Tampa’s Historic Desegregation Protests

Tampa’s Historic Desegregation Protests

Throughout much of Tampa’s early history, we had a large slave population. It was Florida’s largest industry, with about 44% of the population of Florida being enslaved Africans. That was until the emancipation proclamation was put into action by Abraham Lincoln, freeing all slaves across the country from their masters. This wasn’t the end all for equal treatment, however. Black people continued to be treated as lesser than by governments and society for many decades afterward. Eventually, this settled itself in the mid-1900s, a time of Jim Crow laws and segregation, where people were treated “separately but equally” meaning that almost everything from bathrooms, to water fountains, to parks was segregated. Among the many separations between white and black people this brought, one of the biggest was the separation of schools, clearly differentiating “white” and “black” schools.

White and black schools were primarily different by race of the student population, but most noticeably, black schools were in poorer areas with less funding. Because of this, white schools almost always came with better education rates, test scores, and faculty pay. This continued for many years until the civil rights movement finally came to fruition in 1969 when Tampa had begun its period of desegregation. This brought about a myriad of social changes, many of which were very positive. However, there were a few drawbacks to this act, namely in forced schooling.

One of the biggest aspects of change for daily life in Tampa was the promise that schools would be made free for all to attend, rather than separated by race. While most people thought that this change would be brought about by giving students free choice in schooling, the government instead forced black students out of their schools and into white schools. Here in downtown Tampa, Blake took the brunt of this, with many students being transferred from Blake to Plant City HS prematurely because of location.

“We had no idea it was coming, we thought we were gonna graduate from a black school and ended up graduating from an integrated school”, said County Commissioner Gwen Meyers, a Blake alumni who was transferred to Plant City in 1970.

Initially, everyone was surprised at this, shocked that they were forced to go to a school they didn’t choose. This started a widespread backlash which turned into large protests. Many black students protested this decision for a few reasons:

First, many students were sent to zones far out of their living area, increasing their commute time and making it harder for them to get to school. As mentioned before, black schools were in poorer areas with large black populations, while white schools were much farther out in richer areas. These were also generally in suburban areas that expected usage of a car, which not everyone being transferred had access to.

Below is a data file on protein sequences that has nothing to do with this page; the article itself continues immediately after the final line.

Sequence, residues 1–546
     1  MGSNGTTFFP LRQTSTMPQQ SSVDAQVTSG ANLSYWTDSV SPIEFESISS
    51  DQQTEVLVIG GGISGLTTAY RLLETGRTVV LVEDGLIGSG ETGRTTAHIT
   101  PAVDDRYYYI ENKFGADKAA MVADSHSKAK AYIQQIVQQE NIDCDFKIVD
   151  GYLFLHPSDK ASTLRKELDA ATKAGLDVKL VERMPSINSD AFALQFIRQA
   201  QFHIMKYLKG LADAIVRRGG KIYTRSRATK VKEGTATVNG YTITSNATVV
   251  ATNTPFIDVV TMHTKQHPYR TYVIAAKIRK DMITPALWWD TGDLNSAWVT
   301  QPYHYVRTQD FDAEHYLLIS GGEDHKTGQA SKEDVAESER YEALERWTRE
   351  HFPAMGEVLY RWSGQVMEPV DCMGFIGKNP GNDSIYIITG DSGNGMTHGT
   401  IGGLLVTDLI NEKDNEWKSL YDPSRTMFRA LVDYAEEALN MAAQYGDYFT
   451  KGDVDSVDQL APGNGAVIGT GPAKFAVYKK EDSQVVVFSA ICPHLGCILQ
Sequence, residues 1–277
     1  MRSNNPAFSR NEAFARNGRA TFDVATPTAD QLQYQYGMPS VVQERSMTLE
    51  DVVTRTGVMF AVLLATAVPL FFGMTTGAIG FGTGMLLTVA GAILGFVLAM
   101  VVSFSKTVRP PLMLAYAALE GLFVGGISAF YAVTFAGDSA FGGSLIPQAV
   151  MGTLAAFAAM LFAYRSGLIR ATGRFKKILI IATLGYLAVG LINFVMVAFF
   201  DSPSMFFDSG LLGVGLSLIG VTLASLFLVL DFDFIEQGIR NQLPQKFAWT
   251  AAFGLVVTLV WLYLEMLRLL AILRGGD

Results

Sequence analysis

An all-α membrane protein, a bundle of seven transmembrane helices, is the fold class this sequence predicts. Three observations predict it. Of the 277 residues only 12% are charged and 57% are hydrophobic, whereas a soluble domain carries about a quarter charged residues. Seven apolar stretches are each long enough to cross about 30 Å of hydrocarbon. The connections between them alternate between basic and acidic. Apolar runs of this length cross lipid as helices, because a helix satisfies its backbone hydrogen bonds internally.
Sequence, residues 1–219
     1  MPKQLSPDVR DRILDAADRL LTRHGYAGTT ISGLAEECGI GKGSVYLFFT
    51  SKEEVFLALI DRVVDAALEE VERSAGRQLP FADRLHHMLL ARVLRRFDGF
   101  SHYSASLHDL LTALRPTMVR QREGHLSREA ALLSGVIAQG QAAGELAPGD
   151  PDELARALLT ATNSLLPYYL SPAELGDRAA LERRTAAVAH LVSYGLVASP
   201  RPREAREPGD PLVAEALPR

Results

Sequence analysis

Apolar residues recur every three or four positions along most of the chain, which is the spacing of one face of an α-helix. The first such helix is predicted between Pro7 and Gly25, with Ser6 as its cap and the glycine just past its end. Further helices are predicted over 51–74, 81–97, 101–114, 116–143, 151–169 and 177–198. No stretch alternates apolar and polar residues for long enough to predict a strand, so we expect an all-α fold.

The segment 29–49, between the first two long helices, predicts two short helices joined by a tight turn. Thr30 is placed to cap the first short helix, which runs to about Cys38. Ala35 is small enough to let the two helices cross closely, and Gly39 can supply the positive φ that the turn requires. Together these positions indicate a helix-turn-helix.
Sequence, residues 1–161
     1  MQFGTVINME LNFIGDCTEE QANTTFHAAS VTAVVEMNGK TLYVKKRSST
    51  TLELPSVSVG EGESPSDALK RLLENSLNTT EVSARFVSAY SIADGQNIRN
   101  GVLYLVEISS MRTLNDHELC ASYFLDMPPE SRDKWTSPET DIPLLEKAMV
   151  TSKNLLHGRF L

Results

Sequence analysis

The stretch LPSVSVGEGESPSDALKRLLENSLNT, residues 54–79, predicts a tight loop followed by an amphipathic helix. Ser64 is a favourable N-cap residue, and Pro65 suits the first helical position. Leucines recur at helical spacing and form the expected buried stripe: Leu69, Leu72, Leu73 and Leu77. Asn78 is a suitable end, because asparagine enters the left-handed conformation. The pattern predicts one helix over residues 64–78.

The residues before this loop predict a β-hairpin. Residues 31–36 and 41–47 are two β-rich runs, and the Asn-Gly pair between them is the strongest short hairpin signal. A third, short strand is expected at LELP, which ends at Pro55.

Second, the people at the transfer schools were not welcoming of the people coming in. Curtis A. Wright, another Blake alumni who graduated in 1969 said “My sister only lasted one day at a white school, a kid was being aggressive and she jumped up and fought him, so she got kicked out.” Teachers and students were showing aggression towards the new students coming in, calling them slurs, and getting violent on occasion which led to black students getting angrier and angrier with this placement.

Third, they felt that this act was the opposite of what desegregation should be. Black students felt that by making them go to a certain school, they were taking away the right to choose their schooling. As well, they felt that it was unfair to force the black kids to go to white schools, and never vice versa. The argument was that the government, in a racist move, was sending black students to white schools because white students were too good for black schools.

All of this anger culminated in several protests over many years. Commissioner Meyers says that, “The protests were to raise awareness, to show that we saw what happened and we cared.” Almost all of the protests were marches outside of white schools by black students. One very important point the protestors made was to maintain peace, but this wasn’t always possible. Some of these protests turned into riots by the anger from injustice, according to Curtis Wright “a kid from Blake High School was shot, and I’m very familiar with the riots that came afterward.” Nevertheless, the protests were widespread in Tampa and had a strong message to back them.

Unfortunately, even with all the efforts of the students, it took several years for this message to take effect. Black students didn’t regain the ability to choose their schools until the 1980s, and schools wouldn’t become fully desegregated until the 1990s. Despite that, the students of Blake and Tampa in general eventually had their message come to absolute fruition, causing an age of significant diversity throughout the 21st century in the magnet program.